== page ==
We’re dead in the water.
Before the streamers and confetti rained down in celebration of Duke’s national championship Monday night, that was Mike Krzyzewski’s feeling: We’re dead in the water.
He had called timeout after a Frank Kaminsky layup put Wisconsin ahead 48-39 with 13:25 to go. And he had plenty of reasons to be worried.
I don’t think Justise is playing well right now. Quinn is not up at the level that he should be. Jah is not playing as well. We’re in foul trouble. This is not good.
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Krzyzewski kept those thoughts to himself. He would talk about them later, after the 68-63 win that gave him a fifth championship at Duke.
But now, during the timeout, he simply urged his team on, and continued to set up opportunities for the last guy off the bench – freshman Grayson Allen – to drive to the basket.
The story of the 2014-15 Blue Devils, started four years before the championship game.
That’s when Tyus Jones and Jahlil Okafor, just wrapping up ninth grade and in Cancun, Mexico, to compete for USA Basketball, decided to attend the same college, an unlikely pact between the point guard from Minnesota and the center from Chicago that would hold throughout the recruiting process.
Duke entered the picture on July 13, 2011, the day assistant coach Jeff Capel saw Jones play as a rising sophomore at an AAU tournament in South Carolina. He called Krzyzewski and asked him to move up his travel plans – Krzyzewski saw Jones dazzle the next day.
And that was the end of Duke’s recruitment of point guards not named Tyus Jones.
On Nov. 15, 2013, Jones and Okafor announced they were headed to Duke on ESPNU, in a simultaneous broadcast from their high schools. Less than a week later, Justise Winslow of Houston followed suit, and the pieces were all in place.
One byproduct of stockpiling one-and-done talent: less time to establish relationships. So Krzyzewski went to work before any of the freshmen arrived on campus, coaching them over the phone while they were still in high school.
“I want them to be able to trust me at a higher level earlier,” Krzyzewski said. “And the only way to do that is to talk about things instead of just, ‘You’re great, boy, you had 30 last night,’ and all of that. You still do that, but you also tell them when they weren’t that great, how you handle defeat.”
Krzyzewski was gone most of that summer coaching with USA Basketball, but he was on campus when the freshmen arrived in July. And it was then the group could sense they had the potential to be great. The guys clicked well together, strengthening bonds that already existed. Quinn Cook, the lone scholarship senior, impressed the newcomers with his work ethic and embraced them, encouraging them to use their talents and speak up when they had something to say.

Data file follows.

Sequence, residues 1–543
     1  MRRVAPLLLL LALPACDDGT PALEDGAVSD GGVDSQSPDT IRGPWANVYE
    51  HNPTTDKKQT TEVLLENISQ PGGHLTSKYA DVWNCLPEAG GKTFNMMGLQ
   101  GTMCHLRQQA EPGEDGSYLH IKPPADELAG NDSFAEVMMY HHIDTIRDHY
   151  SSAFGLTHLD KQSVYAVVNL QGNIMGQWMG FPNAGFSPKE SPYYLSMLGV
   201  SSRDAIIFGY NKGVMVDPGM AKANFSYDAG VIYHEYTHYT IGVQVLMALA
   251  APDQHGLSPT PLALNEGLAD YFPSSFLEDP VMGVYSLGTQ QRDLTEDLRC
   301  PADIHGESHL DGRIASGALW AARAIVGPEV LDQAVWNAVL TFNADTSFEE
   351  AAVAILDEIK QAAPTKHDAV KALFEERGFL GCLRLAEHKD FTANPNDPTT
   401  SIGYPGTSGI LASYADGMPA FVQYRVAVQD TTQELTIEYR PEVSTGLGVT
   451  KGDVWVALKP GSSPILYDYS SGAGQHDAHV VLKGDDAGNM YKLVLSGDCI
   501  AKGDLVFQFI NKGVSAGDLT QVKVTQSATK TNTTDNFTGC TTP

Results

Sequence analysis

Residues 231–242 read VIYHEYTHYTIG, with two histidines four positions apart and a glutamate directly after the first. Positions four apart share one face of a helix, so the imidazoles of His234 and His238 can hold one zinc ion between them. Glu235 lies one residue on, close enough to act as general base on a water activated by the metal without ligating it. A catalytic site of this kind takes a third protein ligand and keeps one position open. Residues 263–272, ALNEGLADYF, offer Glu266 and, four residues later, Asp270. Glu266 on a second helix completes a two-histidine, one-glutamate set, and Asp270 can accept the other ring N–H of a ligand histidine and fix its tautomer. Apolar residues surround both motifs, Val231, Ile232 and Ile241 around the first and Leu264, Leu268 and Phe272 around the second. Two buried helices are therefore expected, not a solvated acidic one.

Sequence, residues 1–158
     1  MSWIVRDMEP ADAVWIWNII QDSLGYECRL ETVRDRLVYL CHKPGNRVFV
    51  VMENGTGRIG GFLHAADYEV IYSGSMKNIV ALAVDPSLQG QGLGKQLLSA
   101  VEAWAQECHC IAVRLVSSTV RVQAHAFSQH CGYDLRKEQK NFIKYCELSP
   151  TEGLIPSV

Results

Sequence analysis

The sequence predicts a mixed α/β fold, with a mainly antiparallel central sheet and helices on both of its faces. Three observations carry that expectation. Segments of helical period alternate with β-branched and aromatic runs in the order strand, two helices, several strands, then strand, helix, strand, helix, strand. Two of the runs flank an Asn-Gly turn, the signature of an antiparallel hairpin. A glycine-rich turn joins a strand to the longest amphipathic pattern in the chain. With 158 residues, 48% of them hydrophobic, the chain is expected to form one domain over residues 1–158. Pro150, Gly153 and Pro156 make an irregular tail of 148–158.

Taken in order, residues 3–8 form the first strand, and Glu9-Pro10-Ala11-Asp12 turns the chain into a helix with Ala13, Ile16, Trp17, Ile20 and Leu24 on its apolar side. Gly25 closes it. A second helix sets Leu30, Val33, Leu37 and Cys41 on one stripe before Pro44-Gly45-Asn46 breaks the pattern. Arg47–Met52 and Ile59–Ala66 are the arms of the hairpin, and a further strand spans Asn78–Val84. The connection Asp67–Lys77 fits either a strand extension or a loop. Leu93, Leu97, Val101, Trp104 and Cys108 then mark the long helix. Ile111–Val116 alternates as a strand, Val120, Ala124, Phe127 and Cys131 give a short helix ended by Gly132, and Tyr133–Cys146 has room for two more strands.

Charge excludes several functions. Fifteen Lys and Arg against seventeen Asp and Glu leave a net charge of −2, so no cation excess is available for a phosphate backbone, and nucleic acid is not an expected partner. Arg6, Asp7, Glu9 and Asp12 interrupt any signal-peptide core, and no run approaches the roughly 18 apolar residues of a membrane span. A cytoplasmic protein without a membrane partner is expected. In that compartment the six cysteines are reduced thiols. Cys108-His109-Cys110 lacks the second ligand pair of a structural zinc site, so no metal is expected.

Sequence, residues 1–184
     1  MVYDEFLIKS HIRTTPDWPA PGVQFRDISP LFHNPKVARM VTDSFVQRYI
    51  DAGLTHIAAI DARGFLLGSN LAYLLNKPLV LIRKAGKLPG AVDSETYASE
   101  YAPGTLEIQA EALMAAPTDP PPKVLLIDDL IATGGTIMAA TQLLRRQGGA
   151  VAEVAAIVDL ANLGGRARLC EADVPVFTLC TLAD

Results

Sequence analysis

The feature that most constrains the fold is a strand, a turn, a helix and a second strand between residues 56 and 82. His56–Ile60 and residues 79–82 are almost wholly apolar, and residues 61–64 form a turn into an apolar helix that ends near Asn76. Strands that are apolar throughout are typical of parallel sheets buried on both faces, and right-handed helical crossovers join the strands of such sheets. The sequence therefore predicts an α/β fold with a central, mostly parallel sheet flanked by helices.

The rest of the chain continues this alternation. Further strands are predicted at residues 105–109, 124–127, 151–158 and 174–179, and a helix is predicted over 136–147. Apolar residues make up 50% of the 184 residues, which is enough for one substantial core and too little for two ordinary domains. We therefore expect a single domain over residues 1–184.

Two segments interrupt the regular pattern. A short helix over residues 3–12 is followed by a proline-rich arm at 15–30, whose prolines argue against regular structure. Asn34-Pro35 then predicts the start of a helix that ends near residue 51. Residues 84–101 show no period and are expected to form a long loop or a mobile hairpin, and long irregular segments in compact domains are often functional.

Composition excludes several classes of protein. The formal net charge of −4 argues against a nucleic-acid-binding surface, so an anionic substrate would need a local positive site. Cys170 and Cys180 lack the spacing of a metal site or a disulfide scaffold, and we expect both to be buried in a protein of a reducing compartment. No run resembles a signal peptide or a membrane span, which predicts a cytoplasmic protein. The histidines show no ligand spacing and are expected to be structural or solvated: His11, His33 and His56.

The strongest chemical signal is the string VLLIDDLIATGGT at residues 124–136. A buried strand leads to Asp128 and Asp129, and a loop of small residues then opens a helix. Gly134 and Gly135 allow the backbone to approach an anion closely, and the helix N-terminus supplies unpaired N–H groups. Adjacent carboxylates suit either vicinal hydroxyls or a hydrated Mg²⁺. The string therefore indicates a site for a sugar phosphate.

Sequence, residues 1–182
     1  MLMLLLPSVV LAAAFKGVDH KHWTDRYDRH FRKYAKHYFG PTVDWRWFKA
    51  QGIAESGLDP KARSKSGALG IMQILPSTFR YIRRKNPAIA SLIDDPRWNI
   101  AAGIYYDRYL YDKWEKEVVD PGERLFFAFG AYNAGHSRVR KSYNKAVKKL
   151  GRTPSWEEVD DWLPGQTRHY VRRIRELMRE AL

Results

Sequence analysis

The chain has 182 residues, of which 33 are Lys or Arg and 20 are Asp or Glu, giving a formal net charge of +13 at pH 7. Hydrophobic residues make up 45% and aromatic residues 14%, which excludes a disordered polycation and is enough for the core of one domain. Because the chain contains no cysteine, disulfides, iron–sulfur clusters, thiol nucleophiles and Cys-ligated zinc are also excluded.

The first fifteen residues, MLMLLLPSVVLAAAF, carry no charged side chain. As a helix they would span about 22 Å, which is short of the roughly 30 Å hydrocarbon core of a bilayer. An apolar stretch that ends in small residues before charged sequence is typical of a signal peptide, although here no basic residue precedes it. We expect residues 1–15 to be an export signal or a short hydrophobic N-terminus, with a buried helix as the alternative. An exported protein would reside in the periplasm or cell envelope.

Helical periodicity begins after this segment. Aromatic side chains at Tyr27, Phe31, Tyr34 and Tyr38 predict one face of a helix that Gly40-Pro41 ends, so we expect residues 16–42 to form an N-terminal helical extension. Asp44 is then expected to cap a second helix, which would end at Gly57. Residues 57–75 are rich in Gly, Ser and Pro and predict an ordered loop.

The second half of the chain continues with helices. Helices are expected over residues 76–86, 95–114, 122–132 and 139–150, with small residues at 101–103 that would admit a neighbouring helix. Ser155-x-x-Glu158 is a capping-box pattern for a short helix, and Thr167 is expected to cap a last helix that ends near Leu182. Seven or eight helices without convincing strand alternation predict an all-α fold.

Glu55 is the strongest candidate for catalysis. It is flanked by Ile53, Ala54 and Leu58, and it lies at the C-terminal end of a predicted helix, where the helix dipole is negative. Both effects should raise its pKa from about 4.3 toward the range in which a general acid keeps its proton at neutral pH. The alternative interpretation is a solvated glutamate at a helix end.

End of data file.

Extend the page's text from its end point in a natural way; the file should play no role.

“There has been absolutely no jealousy,” Capel said in the preseason. “And I think that speaks volumes about the older guys on our team.”
Okafor stands out
In his first public appearance on the court for Duke – the Oct. 25th Countdown to Craziness scrimmage – Okafor showed why Krzyzewski had started offering unsolicited praise for the young center just days after Mercer upset Duke in the 2014 NCAA tournament.
After 12 minutes, Okafor had 12 points, including baskets via a hook shot, dunk, lay-up off of a spin move going to his left, a jump shot from the elbow and a 15-foot bank shot from no-man’s land toward the baseline.
Those moves would be repeated time and time again.
The Blue Devils first proved they were for real when they beat Michigan State 81-71 in the third game of the season. That was the first appearance of Tyus Jones, who scored all 17 of his points in the second half, playing his best when it mattered the most.
Next came a hint of things to come in an otherwise nondescript, Nov. 26 blowout win over Furman.
With 30 seconds left in the first half and Duke up 47-22, Krzyzewski called timeout and put Allen in alongside Tyus Jones, Matt Jones, Winslow and Rasheed Sulaimon. Matt Jones and Allen were in the corners, ready to shoot 3s. Tyus Jones passed it to Allen in the corner, and his shot swished through true.
“Grayson might not play for 19 minutes and 50 seconds against” – Krzyzewski paused to come up with a hypothetical – “Wisconsin, and we put him in, and he did it.
“That was one of the best plays of the afternoon.”
Allen would not play at all against the Badgers on Dec. 3.
Ups and downs
The 80-70 win at then-No. 2 Wisconsin was the highlight of the first half of Duke’s season.
“Definitely, we’re better at this point than I thought we could be,” Krzyzewski said a few days after that game.